Overview

Comprehensive Description

Biology

A sedentary rockfish found in shallow water and bays (Ref. 2850), among sheltering weed-covered rocks or around pilings (Ref. 27436). Viviparous, with planktonic larvae and pelagic juveniles (Ref. 36715). Fin spines are sharp and mildly venomous and can cause annoying wounds (Ref. 27436). Small live specimens make excellent bait for large lingcod (Ref. 27436). Flesh is firm and tasty, but rarely found in markets (Ref. 26346).
Creative Commons Attribution Non Commercial 3.0 (CC BY-NC 3.0)

© FishBase

Source: FishBase

Trusted

Article rating from 0 people

Default rating: 2.5 of 5

Distribution

National Distribution

Canada

Origin: Native

Regularity: Regularly occurring

Currently: Present

Confidence: Confident

Type of Residency: Year-round

United States

Origin: Native

Regularity: Regularly occurring

Currently: Present

Confidence: Confident

Type of Residency: Year-round

Creative Commons Attribution Non Commercial 3.0 (CC BY-NC 3.0)

© NatureServe

Source: NatureServe

Trusted

Article rating from 0 people

Default rating: 2.5 of 5

Eastern Pacific: Prince William Sound, Alaska to central Baja California, Mexico.
Creative Commons Attribution Non Commercial 3.0 (CC BY-NC 3.0)

© FishBase

Source: FishBase

Trusted

Article rating from 0 people

Default rating: 2.5 of 5

Eastern North Pacific.
Creative Commons Attribution Non Commercial Share Alike 3.0 (CC BY-NC-SA 3.0)

© FishWise Professional

Source: FishWise Professional

Trusted

Article rating from 0 people

Default rating: 2.5 of 5

Physical Description

Morphology

Dorsal spines (total): 13; Dorsal soft rays (total): 12 - 15; Analspines: 3; Analsoft rays: 5 - 8; Vertebrae: 26 - 27
Creative Commons Attribution Non Commercial 3.0 (CC BY-NC 3.0)

© FishBase

Source: FishBase

Trusted

Article rating from 0 people

Default rating: 2.5 of 5

Size

Maximum size: 560 mm NG
Creative Commons Attribution Non Commercial Share Alike 3.0 (CC BY-NC-SA 3.0)

© FishWise Professional

Source: FishWise Professional

Trusted

Article rating from 0 people

Default rating: 2.5 of 5

Max. size

56.0 cm TL (male/unsexed; (Ref. 27437)); max. reported age: 34 years (Ref. 56049)
Creative Commons Attribution Non Commercial 3.0 (CC BY-NC 3.0)

© FishBase

Source: FishBase

Trusted

Article rating from 0 people

Default rating: 2.5 of 5

Diagnostic Description

Head spines strong - nasal, preocular, postocular, tympanic, coronal (may be absent), parietal, and nuchal (may be absent) spines present, supraoculars absent (Ref. 27437). Interorbital space flat to barely convex; symphyseal knob weak or absent (Ref. 27437). Caudal fin rounded (Ref. 6885). Light brown, mottled with one or two shades of darker brown, vague dark bars dorsally, dark brown blotch on upper part of gill cover; fins and underside of throat and lower jaw pinkish (Ref. 27437). Branchiostegal rays: 7 (Ref. 36715).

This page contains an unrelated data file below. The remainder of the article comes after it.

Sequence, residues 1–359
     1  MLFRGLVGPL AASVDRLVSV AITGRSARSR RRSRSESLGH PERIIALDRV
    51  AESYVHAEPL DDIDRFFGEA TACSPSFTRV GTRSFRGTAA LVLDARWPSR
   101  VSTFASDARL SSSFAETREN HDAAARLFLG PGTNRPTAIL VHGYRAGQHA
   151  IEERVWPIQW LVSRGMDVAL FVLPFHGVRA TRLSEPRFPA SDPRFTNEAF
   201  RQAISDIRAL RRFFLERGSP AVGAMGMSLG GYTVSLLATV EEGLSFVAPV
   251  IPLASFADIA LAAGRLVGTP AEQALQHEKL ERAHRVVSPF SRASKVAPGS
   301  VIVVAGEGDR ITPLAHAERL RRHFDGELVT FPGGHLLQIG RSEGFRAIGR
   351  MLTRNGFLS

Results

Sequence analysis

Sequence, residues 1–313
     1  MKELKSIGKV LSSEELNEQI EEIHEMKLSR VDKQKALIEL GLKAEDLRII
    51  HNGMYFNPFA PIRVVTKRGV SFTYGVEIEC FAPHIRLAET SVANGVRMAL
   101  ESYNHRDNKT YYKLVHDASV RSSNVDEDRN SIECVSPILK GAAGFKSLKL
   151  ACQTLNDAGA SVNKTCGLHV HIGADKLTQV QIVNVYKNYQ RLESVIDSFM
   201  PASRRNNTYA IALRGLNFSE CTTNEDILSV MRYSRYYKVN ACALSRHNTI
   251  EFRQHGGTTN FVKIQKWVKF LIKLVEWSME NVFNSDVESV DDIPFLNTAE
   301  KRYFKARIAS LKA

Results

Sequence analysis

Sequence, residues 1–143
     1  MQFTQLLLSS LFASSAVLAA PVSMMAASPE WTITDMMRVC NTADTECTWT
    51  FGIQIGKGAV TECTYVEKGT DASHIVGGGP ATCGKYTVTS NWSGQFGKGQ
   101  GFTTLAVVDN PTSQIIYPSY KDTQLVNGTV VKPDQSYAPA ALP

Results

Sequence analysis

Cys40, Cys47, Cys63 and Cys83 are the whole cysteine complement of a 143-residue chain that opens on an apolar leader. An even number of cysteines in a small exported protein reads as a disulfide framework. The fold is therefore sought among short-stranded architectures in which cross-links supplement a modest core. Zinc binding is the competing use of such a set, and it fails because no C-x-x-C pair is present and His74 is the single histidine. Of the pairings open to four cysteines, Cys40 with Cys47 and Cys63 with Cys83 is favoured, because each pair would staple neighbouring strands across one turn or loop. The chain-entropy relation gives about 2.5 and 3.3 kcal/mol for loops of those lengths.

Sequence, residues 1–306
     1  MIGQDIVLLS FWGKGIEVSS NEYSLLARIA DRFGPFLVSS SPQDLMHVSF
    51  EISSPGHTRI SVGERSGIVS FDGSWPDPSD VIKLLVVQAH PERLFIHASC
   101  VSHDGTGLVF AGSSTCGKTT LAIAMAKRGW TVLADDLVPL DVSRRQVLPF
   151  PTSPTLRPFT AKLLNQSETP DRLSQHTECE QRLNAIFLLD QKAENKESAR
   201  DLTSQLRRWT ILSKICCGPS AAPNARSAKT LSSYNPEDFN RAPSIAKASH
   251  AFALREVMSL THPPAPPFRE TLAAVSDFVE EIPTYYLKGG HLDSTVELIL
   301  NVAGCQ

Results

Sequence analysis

Creative Commons Attribution Non Commercial 3.0 (CC BY-NC 3.0)

© FishBase

Source: FishBase

Trusted

Article rating from 0 people

Default rating: 2.5 of 5

Type Information

Syntype for Sebastes auriculatus Girard
Catalog Number: USNM 348
Collection: Smithsonian Institution, National Museum of Natural History, Department of Vertebrate Zoology, Division of Fishes
Preparation: Dry Osteological Specimen
Collector(s): Williamson
Locality: San Diego, San Diego County, California, United States, North America, Pacific
  • Syntype: Girard, C. F. 1854. Proceedings of the Academy of Natural Sciences of Philadelphia. 7: 131.
Creative Commons Attribution 3.0 (CC BY 3.0)

© Smithsonian Institution, National Museum of Natural History, Department of Vertebrate Zoology, Division of Fishes

Source: National Museum of Natural History Collections

Trusted

Article rating from 0 people

Default rating: 2.5 of 5

Ecology

Habitat

Habitat Type: Marine

Comments: Shallow coastal waters and bays, near shore and to 128 m (Eschmeyer and Herald 1983).

Creative Commons Attribution Non Commercial 3.0 (CC BY-NC 3.0)

© NatureServe

Source: NatureServe

Trusted

Article rating from 0 people

Default rating: 2.5 of 5

Environment

demersal; marine; depth range 0 - 128 m (Ref. 27437)
Creative Commons Attribution Non Commercial 3.0 (CC BY-NC 3.0)

© FishBase

Source: FishBase

Trusted

Article rating from 0 people

Default rating: 2.5 of 5

Depth range based on 10 specimens in 1 taxon.
Water temperature and chemistry ranges based on 4 samples.

Environmental ranges
  Depth range (m): 9 - 213
  Temperature range (°C): 6.630 - 7.150
  Nitrate (umol/L): 22.850 - 30.351
  Salinity (PPS): 33.220 - 33.811
  Oxygen (ml/l): 2.565 - 4.255
  Phosphate (umol/l): 1.934 - 2.545
  Silicate (umol/l): 35.115 - 46.900

Graphical representation

Depth range (m): 9 - 213

Temperature range (°C): 6.630 - 7.150

Nitrate (umol/L): 22.850 - 30.351

Salinity (PPS): 33.220 - 33.811

Oxygen (ml/l): 2.565 - 4.255

Phosphate (umol/l): 1.934 - 2.545

Silicate (umol/l): 35.115 - 46.900
 
Note: this information has not been validated. Check this *note*. Your feedback is most welcome.

Trusted

Article rating from 0 people

Default rating: 2.5 of 5

Depth: 0 - 128m.
Recorded at 128 meters.

Habitat: demersal. Widespread in shallow water and bays.
Creative Commons Attribution Non Commercial Share Alike 3.0 (CC BY-NC-SA 3.0)

© FishWise Professional

Source: FishWise Professional

Trusted

Article rating from 0 people

Default rating: 2.5 of 5

Migration

Non-Migrant: No. All populations of this species make significant seasonal migrations.

Locally Migrant: No. No populations of this species make local extended movements (generally less than 200 km) at particular times of the year (e.g., to breeding or wintering grounds, to hibernation sites).

Locally Migrant: No. No populations of this species make annual migrations of over 200 km.

Creative Commons Attribution Non Commercial 3.0 (CC BY-NC 3.0)

© NatureServe

Source: NatureServe

Trusted

Article rating from 0 people

Default rating: 2.5 of 5

Life History and Behavior

Life Cycle

Viviparous (Ref. 36715, 34817).
Creative Commons Attribution Non Commercial 3.0 (CC BY-NC 3.0)

© FishBase

Source: FishBase

Trusted

Article rating from 0 people

Default rating: 2.5 of 5

Life Expectancy

Lifespan, longevity, and ageing

Maximum longevity: 20 years (wild)
Creative Commons Attribution 3.0 (CC BY 3.0)

© Joao Pedro de Magalhaes

Source: AnAge

Trusted

Article rating from 0 people

Default rating: 2.5 of 5

Molecular Biology and Genetics

Molecular Biology

Statistics of barcoding coverage: Sebastes auriculatus

Barcode of Life Data Systems (BOLDS) Stats
Public Records: 36
Specimens with Barcodes: 40
Species With Barcodes: 1
Creative Commons Attribution 3.0 (CC BY 3.0)

© Barcode of Life Data Systems